Bio: Ruchi grew up on Long Island, New York and completed her undergraduate and medical training through the Scholas for Medicine B.S/M.D. program at Stony Brook University and Stony Brook Medicine. She then moved to San Francisco for Internal Medicine Residency at the University of California San Francisco (UCSF). Ruchi loves traveling and spending time outdoors- camping in the mountains, exploring national parks, and swimming and snorkeling. Ruchi and her husband enjoy finding fresh ingredients at the (many) local farmer's markets in Boston and creating new recipes together. Ruchi is thrilled to be at MGH for A&I fellowship and is grateful for the opportunity to work with incredible mentors in a supportive clinical and research environment.

Ashley WuAshely Wu, MD

First Year Clinical and Research Fellow

Hometown: Princeton, NJ
University: University of Pennsylvania (Undergrad), Vanderbilt University School of Medicine (Medical School)
Residency: Vanderbilt University
Favorite Food: Noodles in any shape or form
Favorite Hobbies: Cooking, hiking, Latin dance, yoga, gardening
Fun Facts: During the pandemic, I picked up gardening and grew 20 different varieties of heirloom tomatoes.
Where do you live: Cambridge
Research Interests: Molecular mechanisms of antibody-mediated allergic disease
Bio: I grew up in suburbs of Central Jersey. I didn’t venture far from home and attended the University of Pennsylvania for college. While there, I pursued a combined Bachelors/Masters Program in Biochemistry and Chemistry, developing an interest in immunology while studying innate immune responses to coronavirus. I headed down south to Nashville, TN for medical school and Med/Peds residency, where I gained a deep appreciation for live country music and hot chicken. Outside of the hospital, you’ll find me cooking, dancing in Central Square, or spending time with my husband, Seth, and my tabby cat, Lena. I am excited to join the MGH Allergy/Immunology family and to explore all that Boston has to offer!

Chantal LemoineChantal Lemoine, MD

Second Year Clinical and Research Fellow

Hometown: Maracay, Venezuela
University: Universidad de Carabobo, Venezuela
Residency: University of Pittsburgh Medical Center (UPMC), Pittsburgh, PA
Favorite Food: Carbonara pasta, empanadas, chocolate
Favorite Hobbies: I love to spend time with family and friends. I love to travel to new places and would love to go to a new country every year. I love good tv series and movies. I love dancing to latin music. More recently, I have gotten into camping, kayaking, and hiking which is very fun!
Fun Facts: I was born on February 14th but I changed my birthday to not celebrate Valentine's day and my birthday on the same day
Where do you live: West End
Research Interests: Drug allergy, antibiotic related DRESS. I am interested in the clinical, epidemiological and genetic characteristics of different types of antibiotic DRESS
Bio: I was born and raised in Venezuela, where I went to medical school, but living and practicing medicine in the US was always my dream. Fortunately, after graduating from medical school, I moved to the USA, and I spent two years at Johns Hopkins University doing research in COPD/asthma and environmental modifiable risk factors. For residency, I trained at UPMC, and I enjoyed living in Pittsburgh for three years. Now, I have been living in Boston for a year, and I am loving it! There is always something to do on the Boston calendar, and the city is very walkable. I have also expanded my food palate with all the restaurant options in this city. I am looking forward to continuing to explore places around MA (Vermont, New Hampshire, etc) and do some skiing next Winter. At MGH, everyone is so smart and down-to-earth; it is great to learn from world-class, renowned physicians and scientists in such a collegial environment. I am blessed to have friends as co-fellows that I can always count on for work or non-work-related matters. I am looking forward to growing as a clinician, researcher, and educator during this stage in my career, and I am beyond excited to get to do it at MGH!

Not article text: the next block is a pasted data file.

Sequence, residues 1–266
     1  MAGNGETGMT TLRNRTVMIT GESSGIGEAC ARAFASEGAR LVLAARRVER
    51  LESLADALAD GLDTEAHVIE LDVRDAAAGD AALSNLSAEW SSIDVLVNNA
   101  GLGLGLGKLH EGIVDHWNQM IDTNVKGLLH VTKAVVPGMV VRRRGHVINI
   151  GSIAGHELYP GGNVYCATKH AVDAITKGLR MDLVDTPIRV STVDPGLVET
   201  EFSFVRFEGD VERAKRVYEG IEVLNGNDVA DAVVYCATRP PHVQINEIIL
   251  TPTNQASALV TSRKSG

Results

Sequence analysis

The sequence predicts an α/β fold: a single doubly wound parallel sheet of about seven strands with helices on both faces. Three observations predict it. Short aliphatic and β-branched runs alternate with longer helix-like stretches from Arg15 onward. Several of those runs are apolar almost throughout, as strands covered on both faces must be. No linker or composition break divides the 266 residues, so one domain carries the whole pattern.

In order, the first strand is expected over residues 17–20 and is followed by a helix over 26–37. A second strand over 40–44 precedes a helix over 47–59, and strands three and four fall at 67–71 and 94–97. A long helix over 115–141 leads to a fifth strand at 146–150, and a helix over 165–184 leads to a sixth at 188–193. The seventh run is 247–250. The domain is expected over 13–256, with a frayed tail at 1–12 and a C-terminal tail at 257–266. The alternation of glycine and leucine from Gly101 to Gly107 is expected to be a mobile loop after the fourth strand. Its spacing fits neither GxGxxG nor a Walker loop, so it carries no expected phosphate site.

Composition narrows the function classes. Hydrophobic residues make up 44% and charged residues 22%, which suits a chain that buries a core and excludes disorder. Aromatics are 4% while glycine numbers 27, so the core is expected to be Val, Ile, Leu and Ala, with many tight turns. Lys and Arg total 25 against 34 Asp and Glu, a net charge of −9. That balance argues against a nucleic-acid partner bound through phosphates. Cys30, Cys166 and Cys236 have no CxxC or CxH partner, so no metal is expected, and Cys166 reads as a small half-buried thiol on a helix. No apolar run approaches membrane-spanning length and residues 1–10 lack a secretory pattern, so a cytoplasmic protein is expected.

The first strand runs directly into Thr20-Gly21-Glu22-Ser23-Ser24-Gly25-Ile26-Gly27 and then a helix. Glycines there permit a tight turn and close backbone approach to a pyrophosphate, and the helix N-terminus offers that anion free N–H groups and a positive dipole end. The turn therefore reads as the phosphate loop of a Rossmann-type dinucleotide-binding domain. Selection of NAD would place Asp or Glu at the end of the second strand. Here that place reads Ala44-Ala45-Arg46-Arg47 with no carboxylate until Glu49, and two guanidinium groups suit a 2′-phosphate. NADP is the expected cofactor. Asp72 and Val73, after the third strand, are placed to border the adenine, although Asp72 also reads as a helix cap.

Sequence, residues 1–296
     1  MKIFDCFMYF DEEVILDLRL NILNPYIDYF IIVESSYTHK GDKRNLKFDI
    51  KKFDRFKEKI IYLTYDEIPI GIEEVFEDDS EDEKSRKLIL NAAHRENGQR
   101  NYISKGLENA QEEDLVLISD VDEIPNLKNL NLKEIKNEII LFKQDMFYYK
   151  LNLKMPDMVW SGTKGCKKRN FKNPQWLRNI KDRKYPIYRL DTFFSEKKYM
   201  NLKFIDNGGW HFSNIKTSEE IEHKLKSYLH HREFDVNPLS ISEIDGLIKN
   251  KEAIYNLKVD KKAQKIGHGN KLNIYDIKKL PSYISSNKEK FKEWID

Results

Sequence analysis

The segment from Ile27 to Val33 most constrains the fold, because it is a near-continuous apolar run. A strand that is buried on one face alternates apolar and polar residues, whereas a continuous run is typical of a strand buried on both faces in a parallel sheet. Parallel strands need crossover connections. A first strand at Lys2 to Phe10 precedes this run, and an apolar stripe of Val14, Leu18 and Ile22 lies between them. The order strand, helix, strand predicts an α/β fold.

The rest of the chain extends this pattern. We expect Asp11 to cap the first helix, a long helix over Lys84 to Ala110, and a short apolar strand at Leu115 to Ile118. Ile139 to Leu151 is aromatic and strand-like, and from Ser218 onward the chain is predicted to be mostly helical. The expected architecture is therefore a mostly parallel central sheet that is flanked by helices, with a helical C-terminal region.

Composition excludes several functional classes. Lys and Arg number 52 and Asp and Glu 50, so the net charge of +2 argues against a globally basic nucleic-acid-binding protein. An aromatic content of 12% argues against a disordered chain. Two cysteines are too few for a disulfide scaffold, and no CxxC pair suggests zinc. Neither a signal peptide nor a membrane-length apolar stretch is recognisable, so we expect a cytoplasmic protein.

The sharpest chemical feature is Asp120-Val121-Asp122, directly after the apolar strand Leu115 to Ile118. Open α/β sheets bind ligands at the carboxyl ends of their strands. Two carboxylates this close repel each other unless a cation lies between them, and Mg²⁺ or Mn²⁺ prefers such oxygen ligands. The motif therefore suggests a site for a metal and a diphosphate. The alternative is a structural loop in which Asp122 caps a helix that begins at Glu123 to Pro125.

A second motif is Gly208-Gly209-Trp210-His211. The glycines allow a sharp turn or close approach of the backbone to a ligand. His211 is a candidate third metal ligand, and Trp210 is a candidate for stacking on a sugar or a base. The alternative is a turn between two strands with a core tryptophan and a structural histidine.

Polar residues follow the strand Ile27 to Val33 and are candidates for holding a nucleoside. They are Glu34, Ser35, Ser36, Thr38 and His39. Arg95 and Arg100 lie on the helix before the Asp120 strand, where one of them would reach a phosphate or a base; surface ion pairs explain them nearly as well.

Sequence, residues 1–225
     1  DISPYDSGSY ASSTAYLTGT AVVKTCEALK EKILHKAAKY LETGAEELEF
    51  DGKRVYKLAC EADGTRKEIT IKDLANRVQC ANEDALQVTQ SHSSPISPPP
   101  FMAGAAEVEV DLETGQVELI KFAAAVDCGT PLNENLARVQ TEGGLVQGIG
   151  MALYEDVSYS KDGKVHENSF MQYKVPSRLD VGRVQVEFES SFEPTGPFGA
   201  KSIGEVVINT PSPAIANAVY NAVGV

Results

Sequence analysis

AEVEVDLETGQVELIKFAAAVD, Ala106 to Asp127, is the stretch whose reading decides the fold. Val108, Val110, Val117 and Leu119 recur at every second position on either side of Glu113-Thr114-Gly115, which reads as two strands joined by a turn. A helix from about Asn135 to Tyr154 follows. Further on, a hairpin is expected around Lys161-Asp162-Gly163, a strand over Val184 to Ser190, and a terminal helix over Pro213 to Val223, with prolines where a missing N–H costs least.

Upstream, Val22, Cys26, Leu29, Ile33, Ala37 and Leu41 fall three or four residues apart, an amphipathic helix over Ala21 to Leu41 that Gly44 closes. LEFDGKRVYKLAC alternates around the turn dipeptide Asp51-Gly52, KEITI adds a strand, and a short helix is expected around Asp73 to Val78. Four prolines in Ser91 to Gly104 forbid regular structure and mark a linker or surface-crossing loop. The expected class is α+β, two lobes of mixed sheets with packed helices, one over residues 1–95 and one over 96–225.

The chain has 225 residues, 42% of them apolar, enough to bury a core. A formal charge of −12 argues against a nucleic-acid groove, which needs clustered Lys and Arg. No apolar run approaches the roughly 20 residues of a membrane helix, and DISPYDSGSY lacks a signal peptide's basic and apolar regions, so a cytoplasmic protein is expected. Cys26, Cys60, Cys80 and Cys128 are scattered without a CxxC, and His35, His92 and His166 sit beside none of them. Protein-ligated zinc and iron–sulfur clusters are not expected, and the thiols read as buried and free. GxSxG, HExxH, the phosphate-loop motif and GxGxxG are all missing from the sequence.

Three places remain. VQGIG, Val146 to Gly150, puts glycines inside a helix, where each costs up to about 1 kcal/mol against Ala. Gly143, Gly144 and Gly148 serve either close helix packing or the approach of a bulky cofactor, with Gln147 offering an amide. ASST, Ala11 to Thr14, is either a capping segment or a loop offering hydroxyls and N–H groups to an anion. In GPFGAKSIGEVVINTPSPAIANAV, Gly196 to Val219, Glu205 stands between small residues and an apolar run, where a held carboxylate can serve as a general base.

Marielle YoungMariella Young, MD

Second Year Clinical and Research Fellow

Hometown: Bethesda, MD
University: Icahn School of Medicine at Mount Sinai
Residency: Massachusetts General Hospital (Pediatrics)
Favorite Food: Steak frites!
Favorite Hobbies: Trying new restaurants, sailing, biking around Boston with my golden retriever (Lila) in tow, learning about personal finance and investing
Fun Facts: I was Captain of the Columbia Cheerleading Team in college!
Where do you live: Dorchester in a 127-year-old Victorian house!
Research Interests: Pediatric food allergy medical education/curriculum design, clinical trials, oral immunotherapy
Bio: Elle spent most of her childhood in Bethesda, Maryland where she grew up playing violin, singing and traveling with her family. She moved to New York City to attend Columbia for undergrad where she studied Psychology. She remained in New York City to attend the Mount Sinai School of Medicine as part of the Humanities in Medicine Program. During medical school, she also pursued a Master of Public Health in Social Determinants of Health and Disparities at Harvard, where she discovered her passion for Native and Indigenous health and health disparities. She completed her pediatrics residency training and Chief Year at MassGeneral for Children and is thrilled to be staying at MGH for fellowship! In her free time, she enjoys exploring Boston's art museums and music scene, trying new restaurants and spending time with her husband, Julian, and their Golden Retriever, Lila.

Jennifer LiJennifer Li, MD

Graduate Assistant

Hometown: Chapel Hill, NC
University: Massachusetts Institute of Technology (Undergrad), Northwestern University (Medical school)